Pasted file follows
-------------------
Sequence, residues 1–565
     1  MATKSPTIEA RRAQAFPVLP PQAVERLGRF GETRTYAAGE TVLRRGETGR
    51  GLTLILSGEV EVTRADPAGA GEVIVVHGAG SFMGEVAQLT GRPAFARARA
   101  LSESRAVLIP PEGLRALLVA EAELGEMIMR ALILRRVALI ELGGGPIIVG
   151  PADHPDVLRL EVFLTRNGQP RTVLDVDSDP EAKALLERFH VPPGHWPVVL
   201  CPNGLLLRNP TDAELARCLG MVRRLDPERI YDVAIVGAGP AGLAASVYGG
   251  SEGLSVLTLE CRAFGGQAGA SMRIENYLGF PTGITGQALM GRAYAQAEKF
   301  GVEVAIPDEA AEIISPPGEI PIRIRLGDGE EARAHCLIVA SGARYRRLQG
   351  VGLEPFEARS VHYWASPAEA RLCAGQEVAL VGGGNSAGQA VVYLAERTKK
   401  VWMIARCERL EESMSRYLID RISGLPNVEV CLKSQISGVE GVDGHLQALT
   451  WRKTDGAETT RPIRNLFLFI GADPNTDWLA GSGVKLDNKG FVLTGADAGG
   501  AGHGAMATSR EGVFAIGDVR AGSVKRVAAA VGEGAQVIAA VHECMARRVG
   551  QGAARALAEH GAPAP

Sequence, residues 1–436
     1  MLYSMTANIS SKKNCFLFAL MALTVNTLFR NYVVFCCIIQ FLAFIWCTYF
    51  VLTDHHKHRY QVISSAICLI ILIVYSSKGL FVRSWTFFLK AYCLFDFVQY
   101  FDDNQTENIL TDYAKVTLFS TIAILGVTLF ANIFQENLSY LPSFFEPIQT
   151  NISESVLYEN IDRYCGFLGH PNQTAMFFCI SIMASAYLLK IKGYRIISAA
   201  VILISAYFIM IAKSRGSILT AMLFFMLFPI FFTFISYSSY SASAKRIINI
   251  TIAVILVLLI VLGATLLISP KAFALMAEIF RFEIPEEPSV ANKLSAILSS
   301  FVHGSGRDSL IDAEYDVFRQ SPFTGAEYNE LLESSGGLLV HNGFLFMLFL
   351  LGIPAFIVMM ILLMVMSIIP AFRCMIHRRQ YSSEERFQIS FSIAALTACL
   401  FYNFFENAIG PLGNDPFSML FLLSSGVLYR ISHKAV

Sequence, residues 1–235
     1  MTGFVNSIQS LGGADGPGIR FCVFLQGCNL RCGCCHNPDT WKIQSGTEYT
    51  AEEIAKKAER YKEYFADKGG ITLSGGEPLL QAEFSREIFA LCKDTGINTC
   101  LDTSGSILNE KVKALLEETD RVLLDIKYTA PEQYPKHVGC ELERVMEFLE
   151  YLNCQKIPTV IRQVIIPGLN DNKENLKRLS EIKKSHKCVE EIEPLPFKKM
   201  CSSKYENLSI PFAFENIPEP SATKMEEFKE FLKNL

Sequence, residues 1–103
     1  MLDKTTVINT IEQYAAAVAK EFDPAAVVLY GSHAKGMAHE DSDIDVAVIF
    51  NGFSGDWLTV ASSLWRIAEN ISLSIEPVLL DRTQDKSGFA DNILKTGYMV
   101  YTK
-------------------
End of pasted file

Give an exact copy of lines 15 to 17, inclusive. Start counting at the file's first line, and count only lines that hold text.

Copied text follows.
     1  MLYSMTANIS SKKNCFLFAL MALTVNTLFR NYVVFCCIIQ FLAFIWCTYF
    51  VLTDHHKHRY QVISSAICLI ILIVYSSKGL FVRSWTFFLK AYCLFDFVQY
   101  FDDNQTENIL TDYAKVTLFS TIAILGVTLF ANIFQENLSY LPSFFEPIQT